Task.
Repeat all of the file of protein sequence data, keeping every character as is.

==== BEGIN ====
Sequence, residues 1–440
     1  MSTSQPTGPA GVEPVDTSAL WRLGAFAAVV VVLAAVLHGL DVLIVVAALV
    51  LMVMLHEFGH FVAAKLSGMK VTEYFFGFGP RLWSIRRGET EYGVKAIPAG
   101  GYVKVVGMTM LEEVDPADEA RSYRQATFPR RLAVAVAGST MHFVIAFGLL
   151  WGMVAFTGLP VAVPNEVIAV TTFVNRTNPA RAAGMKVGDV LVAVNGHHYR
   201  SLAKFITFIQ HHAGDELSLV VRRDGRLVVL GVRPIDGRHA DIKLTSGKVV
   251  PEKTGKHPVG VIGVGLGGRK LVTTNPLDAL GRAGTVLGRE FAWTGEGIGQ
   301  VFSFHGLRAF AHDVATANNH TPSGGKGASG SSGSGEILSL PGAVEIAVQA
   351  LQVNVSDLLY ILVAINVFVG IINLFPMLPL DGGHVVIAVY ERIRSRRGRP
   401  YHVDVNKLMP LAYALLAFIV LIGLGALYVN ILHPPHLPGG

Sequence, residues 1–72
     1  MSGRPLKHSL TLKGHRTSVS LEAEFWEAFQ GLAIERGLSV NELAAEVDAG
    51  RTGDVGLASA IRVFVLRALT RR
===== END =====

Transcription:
Sequence, residues 1–440
     1  MSTSQPTGPA GVEPVDTSAL WRLGAFAAVV VVLAAVLHGL DVLIVVAALV
    51  LMVMLHEFGH FVAAKLSGMK VTEYFFGFGP RLWSIRRGET EYGVKAIPAG
   101  GYVKVVGMTM LEEVDPADEA RSYRQATFPR RLAVAVAGST MHFVIAFGLL
   151  WGMVAFTGLP VAVPNEVIAV TTFVNRTNPA RAAGMKVGDV LVAVNGHHYR
   201  SLAKFITFIQ HHAGDELSLV VRRDGRLVVL GVRPIDGRHA DIKLTSGKVV
   251  PEKTGKHPVG VIGVGLGGRK LVTTNPLDAL GRAGTVLGRE FAWTGEGIGQ
   301  VFSFHGLRAF AHDVATANNH TPSGGKGASG SSGSGEILSL PGAVEIAVQA
   351  LQVNVSDLLY ILVAINVFVG IINLFPMLPL DGGHVVIAVY ERIRSRRGRP
   401  YHVDVNKLMP LAYALLAFIV LIGLGALYVN ILHPPHLPGG

Sequence, residues 1–72
     1  MSGRPLKHSL TLKGHRTSVS LEAEFWEAFQ GLAIERGLSV NELAAEVDAG
    51  RTGDVGLASA IRVFVLRALT RR